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Faculty of Asian and Middle Eastern Studies

FAMES Room 8/9
Event date: 
Monday, 28 January, 2019 - 17:00 to 19:00

Against Techno-animism: Androids, Dolls and Animate Objects in Contemporary Japan.

Contemporary Japan is sometimes described as a Latourian utopia where humans and non-humans, specifically robots, live and work together in harmony. This acceptance of non-human others is explained by anthropologists as stemming from an “animist unconscious” (Allison 2006) that allows people to attribute ‘life’ to robots and other man-made objects, a notion that is usually linked to the "Shinto universe” of "native animist beliefs" (Robertson 2010). Contrary to the darker tone of robot fantasies in the Euro-American tradition, this "techno-animism" (Block and Jensen 2013) turns technological objects into non-alienating allies.
This paper will critically examine the ontological underpinnings of these arguments and will suggest an alternative account of Japanese animism. I will argue that the distinction between ‘ancient animism’ as the underlying structure of belief for 'modern techno-animism’ is problematic and that it makes more sense to treat Japanese animism as technology tout court. Following Komatsu’s suggestion (1999) that the distinction between gods (kami) and monsters (yōkai) is the degree to which they are worshipped, I will suggest a relational theory of animism in opposition to the “ontological gambit” (Graeber 2013) that hinges on the assumption of the radical alterity of worlds.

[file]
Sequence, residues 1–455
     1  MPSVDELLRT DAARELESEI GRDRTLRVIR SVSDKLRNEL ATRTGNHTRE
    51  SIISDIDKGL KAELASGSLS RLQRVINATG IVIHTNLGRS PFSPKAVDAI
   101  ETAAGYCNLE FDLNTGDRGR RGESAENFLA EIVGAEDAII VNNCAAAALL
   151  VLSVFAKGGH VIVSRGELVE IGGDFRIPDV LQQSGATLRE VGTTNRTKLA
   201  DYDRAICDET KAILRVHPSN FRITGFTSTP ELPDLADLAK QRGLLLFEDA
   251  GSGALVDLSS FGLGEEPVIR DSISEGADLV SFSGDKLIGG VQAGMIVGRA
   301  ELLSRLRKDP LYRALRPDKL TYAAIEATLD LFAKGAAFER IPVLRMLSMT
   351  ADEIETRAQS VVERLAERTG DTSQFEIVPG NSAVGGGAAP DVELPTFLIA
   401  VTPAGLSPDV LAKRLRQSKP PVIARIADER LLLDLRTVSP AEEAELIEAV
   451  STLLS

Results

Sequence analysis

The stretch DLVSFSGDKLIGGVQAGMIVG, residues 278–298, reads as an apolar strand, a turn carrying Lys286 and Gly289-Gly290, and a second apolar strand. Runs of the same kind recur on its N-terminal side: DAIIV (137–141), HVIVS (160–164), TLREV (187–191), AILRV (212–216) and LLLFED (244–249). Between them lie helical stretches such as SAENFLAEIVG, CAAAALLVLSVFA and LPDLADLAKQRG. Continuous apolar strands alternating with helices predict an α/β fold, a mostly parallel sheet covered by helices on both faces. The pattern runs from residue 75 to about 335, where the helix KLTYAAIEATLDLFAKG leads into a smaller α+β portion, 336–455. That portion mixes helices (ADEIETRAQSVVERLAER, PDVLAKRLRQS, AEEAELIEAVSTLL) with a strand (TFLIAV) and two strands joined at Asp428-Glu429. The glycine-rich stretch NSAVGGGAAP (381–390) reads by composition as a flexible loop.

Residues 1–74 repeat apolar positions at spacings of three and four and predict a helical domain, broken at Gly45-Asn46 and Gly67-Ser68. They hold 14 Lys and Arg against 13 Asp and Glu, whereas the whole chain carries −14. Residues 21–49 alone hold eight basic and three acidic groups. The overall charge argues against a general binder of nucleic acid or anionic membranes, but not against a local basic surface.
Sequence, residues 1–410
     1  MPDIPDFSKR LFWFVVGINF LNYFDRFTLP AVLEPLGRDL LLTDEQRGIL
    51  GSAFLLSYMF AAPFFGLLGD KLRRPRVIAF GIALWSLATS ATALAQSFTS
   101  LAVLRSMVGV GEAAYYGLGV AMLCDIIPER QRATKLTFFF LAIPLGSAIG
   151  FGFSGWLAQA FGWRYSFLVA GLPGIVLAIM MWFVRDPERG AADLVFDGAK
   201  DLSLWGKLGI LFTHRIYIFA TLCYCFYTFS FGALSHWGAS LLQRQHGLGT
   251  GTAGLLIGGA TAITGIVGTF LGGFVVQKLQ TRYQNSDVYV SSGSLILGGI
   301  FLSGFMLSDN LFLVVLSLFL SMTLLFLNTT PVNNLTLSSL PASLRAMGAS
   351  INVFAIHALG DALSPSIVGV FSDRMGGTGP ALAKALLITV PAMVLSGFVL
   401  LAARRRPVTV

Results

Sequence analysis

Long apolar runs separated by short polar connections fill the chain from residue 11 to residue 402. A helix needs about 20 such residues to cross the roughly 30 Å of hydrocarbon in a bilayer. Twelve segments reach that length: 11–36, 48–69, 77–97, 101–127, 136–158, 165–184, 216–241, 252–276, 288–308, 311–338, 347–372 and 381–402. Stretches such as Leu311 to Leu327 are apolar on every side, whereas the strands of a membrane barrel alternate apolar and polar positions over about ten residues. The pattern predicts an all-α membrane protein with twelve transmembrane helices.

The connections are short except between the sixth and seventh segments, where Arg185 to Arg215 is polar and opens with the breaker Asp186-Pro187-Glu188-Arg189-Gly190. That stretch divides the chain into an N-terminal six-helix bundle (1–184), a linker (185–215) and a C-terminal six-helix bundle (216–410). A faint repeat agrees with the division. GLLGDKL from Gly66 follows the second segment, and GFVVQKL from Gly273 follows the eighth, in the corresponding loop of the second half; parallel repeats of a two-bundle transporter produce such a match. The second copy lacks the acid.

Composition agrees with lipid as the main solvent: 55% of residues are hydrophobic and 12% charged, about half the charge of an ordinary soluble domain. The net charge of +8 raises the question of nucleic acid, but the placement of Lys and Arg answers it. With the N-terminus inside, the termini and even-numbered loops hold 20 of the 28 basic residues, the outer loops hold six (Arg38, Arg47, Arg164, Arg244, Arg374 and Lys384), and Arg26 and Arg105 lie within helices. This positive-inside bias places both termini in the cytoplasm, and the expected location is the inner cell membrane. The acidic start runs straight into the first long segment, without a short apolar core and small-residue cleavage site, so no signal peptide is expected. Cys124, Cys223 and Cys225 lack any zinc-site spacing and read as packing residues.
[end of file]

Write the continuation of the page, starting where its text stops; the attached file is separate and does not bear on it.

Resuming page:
Fabio R. Gygi is lecturer in anthropology with reference to Japan at SOAS University of London. He specializes in material culture and medical anthropology and is particularly interested in how getting rid of things is understood and facilitated in different cultural contexts. Recent publications include "The Metamorphosis of Excess: ‘Rubbish Houses’ and the Imagined Trajectory of Things in Post-Bubble Japan”, in Consuming Life in Post-Bubble Japan: A Transdisciplinary Perspective (edited by Katarzyna Cwiertka and Ewa Machotka) and "Things that Believe: Talismans, Amulets, Dolls and How to Get Rid of Them” in the Japanese Journal of Religious Studies (45/2). He is currently working on a book manuscript on hoarding in Japan.